Not so Traditional driving: Looking for a cart to go on trails

I am a New Englander with a mini horse in my back yard. This guy is SMART and ready to get to some serious work. We have a small grass arena but he’s over it and to be honest … so am I!
We have rocks. We have hills. We have trees and all that comes with them… a regular old easy entry cart with big wheels just doesn’t seem like the smart, or easy thing to use given our terrain.
I’d love to hear and see suggestions on carts (or funky made up things with wheels!) that would best suit some serious New England exploring!

Bonus if it’s cheap!

I’ve driven my mini & standard Easy-Entry on trails & Marathon courses over the last 3yrs.
Aside from the suspension (or lack of) it has done just fine.
Dirt &r paved roads, wooded & rocky trails, small verticals & through water hazards.
Drives of a couple hours & 10-15mi.
We’ve driven Cones in it too - just need to mind the turn radius or it becomes Easy-Out 😉

If you have the budget, treat yourself to a Marathon-style carriage.
They are built for going at speed over terrain.

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I drove an easy entry cart off road a lot. It was challenging terrain as I lived on top of a ridge in Colorado. We tore around my property and two adjoining ones, and also used my neighborhood’s bridle path. The path was definitely made to be ridden, not driven, but that didn’t stop us. Only age and cataracts finally made us quit.

I agree with @2DogsFarm in suggesting a marathon style carriage if you can afford it. I would have loved one, but just didn’t want to pay for it with horses that were already aging and no idea how long they would keep going. But if you can’t see your way to that option, you’d be surprised what you can do with an easy entry cart.

Rebecca

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If you don’t want to spend a lot, upgrade your wheels to motorcycle type ones. That is what I have on my easy entry and I drive on fairly rough terrain. Kingston Saddlery or maybe it is Kingston Carts sells them. My cart is from them and I have been happy with it (and the tires).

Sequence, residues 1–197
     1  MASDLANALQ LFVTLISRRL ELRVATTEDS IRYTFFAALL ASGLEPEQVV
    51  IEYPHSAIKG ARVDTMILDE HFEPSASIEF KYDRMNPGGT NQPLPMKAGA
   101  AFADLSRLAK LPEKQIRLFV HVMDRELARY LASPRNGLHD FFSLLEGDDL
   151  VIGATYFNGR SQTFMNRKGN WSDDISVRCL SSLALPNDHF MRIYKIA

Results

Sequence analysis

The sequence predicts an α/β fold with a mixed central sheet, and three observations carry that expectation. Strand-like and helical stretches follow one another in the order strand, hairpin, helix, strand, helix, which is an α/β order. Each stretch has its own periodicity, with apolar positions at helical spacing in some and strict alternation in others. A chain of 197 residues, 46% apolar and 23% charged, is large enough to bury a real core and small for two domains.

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There is a sport called Endurance Driving mainly in Nevada. They use chariot-like carts which are probably too big for a mini but have a look here: http://www.nedanv.org/?fbclid=IwAR3j_BJAS2fgyjQ7uAMQsAEI9g7sQmiINMWpJELz5SUHgo6dr7X1SiFdA9Y
I always thought it looked like a blast!

There are also distance driving competitions in Vermont. They were among the first to organize the activity. I only saw one driving photo (last one) at the Nevada site, the rest were ridden pictures. I think the chariot style cart might be a one-of, not what everyone uses. Driver looks like they are having fun, but I sure would not wish to spend my entire drive standing up in an unsprung vehicle, over rough ground. Doing a marathon can be extremely tiring for the standing Navigators, and they are only out a couple hours, with springs under carriage body, going over various kinds of ground.

You also need to consider the tires/wheels on the vehicle. Car type tires shown in the distance photo can roll nicely on rough tracks, sandy ground, be more puncture proof, but they weigh more, have greater resistance with wider widths to pull than other types of wheels. The motorcycle tires are very popular, don’t dig into sandy ground, manage gravel washout trails nicely. Tougher than bicycle wheels and light weight spokes. Have not heard of any properly inflated motorcycle wheels having issues with sideways torque in turns. The big metal spoked ones, air filled tires, horse sizes, seem quite tough. Solid tread wheels on wood or metal spokes are also pretty light weight, though tough wheels. Just know narrow widths can cut into sand, wet grass, creating more resistance for the animal pulling the vehicle.

They have a chariot class at the mini grand nationals, they go like heck and it looks like a fun but rough ride. The minis and drivers are all adorned in roman regalia. It’s fun to watch, but I wouldnt want to try it. I’d be bounced out pronto.